23 October 1952, El Paso, Texas, USA
Ken Tipton grew up in the small St. Louis suburb of St. Charles, Missouri. He was one of those "geeks" who could tell you everything about movies. He acted in every play possible in high school, during his stint in the Air Force and while working for IBM. Ken's other passion was business. He is a natural-born "entrepreneur"...
Ken Tipton grew up in the small St. Louis suburb of St. Charles, Missouri. He was one of those "geeks" who could tell you everything about movies. He acted in every play possible in high school, during his stint in the Air Force and while working for IBM. Ken's other passion was business. He is a natural-born "entrepreneur" in every sense. He ran a "chain" of eight Kool-Aid stands at age 11, and opened an aerial advertising company that used powered-hangliders called "High Signs" at age 24. Combining his love of business with his love of movies, he opened one of the first video rental stores in the St. Louis area called "Video Library" in 1981. With a lot of hard work, things went well and by the time he left IBM in 1985, he had six stores and was rated as one of the "Top 100" video companies in America by "Video Store" magazine. After seeing an episode of L.A. Law (1986) called "Splatoon" where everyone on the show was running around the woods shooting each other with paintball guns, Ken was inspired to open his own business called "Paintball Wargames". During this time he started doing stand-up comedy in St. Louis. While visiting his brother in L.A., Ken performed at several comedy clubs and after returning to St. Louis, discussed the idea of pursuing a serious acting career with his family. With the support of his ex-wife and family, he moved to Los Angeles with his 12-year-old son to pursue their careers in Hollywood (he and his ex-wife are still the best of friends). Ken and his son have been in many TV and movie projects in small parts as well as recent co-starring roles in independent films that will be making the film festival circuits. Ken has also continued his stand-up and improv comedy work at the Comedy Store, The UpFront Comedy Club and The Groundlings. When he is not acting or in acting/improv classes, Ken makes a living as a licensed bodyguard. Ken's career received some wonderful assistance from the late John Candy. Ken had met John in St. Louis when his film Planes, Trains & Automobiles (1987) was shot there. Ken was invited to the set because he was the owner of the largest independent video store chain in St. Louis. After they saw Ken's resemblance to Candy, he was asked if he would like to work as John's stand-in. Ken had a great time and became friends with Candy. He told John about his community theater and stand-up work and his dream to work in Hollywood. John offered to help Ken if and when he ever made it to Hollywood. When Ken finally arrived in Los Angeles, it took him many months to contact Candy. They finally got together and John was true to his word. He gave Ken solid advice about finding work, getting into the union, and getting an agent. With Candy's advice, Ken was able to earn his SAG (Screen Actors Guild) card quickly. Candy left to work on a movie called Wagons East (1994) in Mexico, and said he would continue his mentorship when he returned. On March 4, 1994, Candy died while filming. Ken felt like he had lost a brother. Shortly after Candy's death, Ken earned his SAG card, and the very first SAG job Ken received was completing photo double insert shots for John in the movie "Wagons East". It was then that he decided to try to fill the void in Hollywood left by John's passing. As far as "Big Guy" comedians go in Hollywood, there was Chris Farley on the zany end of the comedy scale, and John Goodman on the dramatic end of the comedy scale. John Candy was right in the middle. There is no way Ken could be another John Candy, John was unique and original. The way Ken saw it, there is an opening for the next "Ken Tipton". With lots of hard work, a little luck, and meeting the right people, anything is possible.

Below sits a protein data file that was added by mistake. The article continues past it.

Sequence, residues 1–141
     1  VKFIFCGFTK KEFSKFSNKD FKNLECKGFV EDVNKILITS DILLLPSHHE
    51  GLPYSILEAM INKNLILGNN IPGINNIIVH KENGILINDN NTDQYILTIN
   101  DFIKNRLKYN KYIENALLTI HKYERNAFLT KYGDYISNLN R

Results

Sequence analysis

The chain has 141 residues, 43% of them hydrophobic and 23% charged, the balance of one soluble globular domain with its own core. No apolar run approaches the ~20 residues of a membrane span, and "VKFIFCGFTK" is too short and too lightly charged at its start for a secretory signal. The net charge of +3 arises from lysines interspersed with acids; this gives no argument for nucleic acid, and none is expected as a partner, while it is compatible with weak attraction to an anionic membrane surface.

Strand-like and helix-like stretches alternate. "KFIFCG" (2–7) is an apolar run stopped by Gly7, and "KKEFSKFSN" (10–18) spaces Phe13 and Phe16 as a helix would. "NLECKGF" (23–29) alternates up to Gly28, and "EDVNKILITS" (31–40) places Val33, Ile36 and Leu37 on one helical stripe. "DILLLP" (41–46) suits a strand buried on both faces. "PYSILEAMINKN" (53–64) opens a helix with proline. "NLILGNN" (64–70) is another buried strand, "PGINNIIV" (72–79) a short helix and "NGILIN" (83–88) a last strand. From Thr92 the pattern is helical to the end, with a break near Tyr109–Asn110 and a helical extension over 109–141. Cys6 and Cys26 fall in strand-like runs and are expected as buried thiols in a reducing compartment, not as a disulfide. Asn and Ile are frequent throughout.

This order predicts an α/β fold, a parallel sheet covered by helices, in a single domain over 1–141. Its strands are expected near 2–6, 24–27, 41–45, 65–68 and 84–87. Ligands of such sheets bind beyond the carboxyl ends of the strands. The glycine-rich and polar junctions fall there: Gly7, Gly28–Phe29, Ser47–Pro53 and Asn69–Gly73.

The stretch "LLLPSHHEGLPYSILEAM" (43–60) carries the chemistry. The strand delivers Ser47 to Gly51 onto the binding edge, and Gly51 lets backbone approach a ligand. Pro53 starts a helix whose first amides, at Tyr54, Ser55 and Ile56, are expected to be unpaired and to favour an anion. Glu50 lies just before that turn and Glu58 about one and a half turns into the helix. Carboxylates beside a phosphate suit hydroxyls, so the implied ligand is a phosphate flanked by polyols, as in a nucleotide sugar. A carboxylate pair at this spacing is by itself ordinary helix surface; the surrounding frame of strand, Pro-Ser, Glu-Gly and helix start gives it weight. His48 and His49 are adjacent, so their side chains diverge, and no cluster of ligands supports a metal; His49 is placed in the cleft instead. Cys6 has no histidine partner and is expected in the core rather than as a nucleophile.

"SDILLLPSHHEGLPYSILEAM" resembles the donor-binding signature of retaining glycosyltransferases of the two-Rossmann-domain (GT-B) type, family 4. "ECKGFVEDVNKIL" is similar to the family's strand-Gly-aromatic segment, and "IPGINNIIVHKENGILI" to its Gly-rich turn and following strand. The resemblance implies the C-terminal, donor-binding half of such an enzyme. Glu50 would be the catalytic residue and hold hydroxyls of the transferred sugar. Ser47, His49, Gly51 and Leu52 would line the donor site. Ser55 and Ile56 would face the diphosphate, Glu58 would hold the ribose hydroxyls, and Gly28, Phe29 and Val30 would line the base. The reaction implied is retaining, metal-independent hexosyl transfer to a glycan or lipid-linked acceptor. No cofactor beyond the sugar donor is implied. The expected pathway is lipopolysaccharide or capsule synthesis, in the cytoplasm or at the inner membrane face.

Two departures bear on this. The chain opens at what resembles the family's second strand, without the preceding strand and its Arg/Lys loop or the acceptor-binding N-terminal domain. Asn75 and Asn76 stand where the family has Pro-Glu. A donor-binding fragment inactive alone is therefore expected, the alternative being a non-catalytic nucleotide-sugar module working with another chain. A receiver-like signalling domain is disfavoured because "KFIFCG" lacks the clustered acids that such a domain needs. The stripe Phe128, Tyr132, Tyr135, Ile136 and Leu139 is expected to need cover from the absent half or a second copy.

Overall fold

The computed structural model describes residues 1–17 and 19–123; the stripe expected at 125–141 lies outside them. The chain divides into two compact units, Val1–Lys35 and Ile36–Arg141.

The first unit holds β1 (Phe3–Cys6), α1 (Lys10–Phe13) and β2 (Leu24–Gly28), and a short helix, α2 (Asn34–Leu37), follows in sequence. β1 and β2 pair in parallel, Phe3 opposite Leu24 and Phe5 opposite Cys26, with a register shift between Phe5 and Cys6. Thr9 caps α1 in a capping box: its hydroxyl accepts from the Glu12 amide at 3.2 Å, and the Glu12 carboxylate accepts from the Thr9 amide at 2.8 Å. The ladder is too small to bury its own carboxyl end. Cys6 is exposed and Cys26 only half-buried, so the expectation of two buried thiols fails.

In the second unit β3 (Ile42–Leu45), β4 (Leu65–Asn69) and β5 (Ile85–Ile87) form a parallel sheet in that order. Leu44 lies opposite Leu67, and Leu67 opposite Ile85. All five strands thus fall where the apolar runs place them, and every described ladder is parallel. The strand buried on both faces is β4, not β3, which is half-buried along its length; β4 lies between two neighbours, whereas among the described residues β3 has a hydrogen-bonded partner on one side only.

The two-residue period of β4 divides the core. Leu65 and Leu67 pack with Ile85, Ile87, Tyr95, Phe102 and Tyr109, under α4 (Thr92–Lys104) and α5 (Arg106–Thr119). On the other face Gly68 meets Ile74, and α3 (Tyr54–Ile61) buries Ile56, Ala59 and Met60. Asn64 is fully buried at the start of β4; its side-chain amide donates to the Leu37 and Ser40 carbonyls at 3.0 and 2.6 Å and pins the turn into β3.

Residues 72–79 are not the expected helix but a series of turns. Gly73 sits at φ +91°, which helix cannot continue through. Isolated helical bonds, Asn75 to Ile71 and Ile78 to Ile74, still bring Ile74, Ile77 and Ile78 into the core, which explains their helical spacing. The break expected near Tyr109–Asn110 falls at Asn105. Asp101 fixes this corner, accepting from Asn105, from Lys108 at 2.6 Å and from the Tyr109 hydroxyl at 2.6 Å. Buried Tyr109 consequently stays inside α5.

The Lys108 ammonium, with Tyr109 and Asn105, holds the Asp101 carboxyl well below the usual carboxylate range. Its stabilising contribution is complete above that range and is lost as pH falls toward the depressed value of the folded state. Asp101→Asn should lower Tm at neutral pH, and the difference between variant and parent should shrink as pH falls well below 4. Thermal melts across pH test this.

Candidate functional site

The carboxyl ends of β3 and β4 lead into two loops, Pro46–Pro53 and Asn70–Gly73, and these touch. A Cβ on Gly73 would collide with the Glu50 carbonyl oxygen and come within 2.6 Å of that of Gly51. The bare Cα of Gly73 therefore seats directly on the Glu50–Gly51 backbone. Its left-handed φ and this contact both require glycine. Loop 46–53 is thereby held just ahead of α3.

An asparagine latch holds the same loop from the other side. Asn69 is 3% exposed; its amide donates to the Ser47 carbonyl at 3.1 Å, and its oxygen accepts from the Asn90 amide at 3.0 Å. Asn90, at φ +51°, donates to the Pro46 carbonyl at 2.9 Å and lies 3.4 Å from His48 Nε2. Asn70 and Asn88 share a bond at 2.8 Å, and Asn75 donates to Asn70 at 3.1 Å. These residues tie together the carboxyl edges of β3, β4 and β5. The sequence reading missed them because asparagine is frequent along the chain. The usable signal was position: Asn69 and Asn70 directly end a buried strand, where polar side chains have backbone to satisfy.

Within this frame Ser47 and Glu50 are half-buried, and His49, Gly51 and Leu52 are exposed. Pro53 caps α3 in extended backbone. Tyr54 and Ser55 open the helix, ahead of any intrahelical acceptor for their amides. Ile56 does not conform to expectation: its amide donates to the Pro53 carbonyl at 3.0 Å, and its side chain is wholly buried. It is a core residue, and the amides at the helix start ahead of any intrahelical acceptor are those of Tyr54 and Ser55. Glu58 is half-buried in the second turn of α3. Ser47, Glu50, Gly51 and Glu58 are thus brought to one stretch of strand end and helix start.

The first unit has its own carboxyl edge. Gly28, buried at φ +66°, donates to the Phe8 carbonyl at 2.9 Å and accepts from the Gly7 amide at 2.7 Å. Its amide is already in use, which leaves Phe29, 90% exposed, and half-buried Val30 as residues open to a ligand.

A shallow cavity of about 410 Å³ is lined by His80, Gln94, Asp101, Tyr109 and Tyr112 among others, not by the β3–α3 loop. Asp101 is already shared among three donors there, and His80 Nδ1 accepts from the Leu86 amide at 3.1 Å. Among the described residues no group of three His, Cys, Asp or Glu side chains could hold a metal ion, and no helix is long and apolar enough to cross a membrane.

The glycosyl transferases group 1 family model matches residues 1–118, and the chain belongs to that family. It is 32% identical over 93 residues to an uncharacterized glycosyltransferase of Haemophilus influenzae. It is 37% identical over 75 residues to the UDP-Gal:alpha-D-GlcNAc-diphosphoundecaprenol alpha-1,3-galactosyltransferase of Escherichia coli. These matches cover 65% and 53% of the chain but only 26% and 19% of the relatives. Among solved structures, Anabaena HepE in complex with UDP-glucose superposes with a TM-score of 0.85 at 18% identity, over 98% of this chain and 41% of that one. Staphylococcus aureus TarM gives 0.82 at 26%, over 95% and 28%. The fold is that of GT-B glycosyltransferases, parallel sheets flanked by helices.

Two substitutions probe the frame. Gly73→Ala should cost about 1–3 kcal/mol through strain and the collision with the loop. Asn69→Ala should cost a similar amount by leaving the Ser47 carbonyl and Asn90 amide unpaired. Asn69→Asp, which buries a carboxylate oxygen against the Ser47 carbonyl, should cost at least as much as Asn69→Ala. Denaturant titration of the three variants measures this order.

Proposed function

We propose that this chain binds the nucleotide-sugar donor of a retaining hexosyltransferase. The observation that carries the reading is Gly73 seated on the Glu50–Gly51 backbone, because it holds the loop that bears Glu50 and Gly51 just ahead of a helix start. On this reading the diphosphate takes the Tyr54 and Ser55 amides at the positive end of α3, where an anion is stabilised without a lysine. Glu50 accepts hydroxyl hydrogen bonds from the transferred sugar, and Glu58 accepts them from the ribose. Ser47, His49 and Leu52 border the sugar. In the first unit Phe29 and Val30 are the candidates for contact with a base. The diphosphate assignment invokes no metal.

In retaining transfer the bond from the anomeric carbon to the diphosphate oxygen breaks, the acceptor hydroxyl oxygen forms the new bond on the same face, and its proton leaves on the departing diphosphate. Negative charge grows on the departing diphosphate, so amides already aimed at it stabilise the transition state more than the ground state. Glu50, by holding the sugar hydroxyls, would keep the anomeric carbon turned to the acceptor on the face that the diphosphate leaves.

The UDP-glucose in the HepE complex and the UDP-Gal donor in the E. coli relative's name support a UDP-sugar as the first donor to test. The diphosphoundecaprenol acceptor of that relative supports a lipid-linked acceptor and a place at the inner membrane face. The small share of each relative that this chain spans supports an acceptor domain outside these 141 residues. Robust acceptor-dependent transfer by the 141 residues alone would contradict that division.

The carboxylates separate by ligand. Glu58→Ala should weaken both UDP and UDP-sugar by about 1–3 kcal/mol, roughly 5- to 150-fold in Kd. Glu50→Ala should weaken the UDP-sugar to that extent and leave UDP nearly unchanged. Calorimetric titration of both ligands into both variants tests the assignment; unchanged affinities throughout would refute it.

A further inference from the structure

Ken Tipton's FILMOGRAPHY
Example Example Example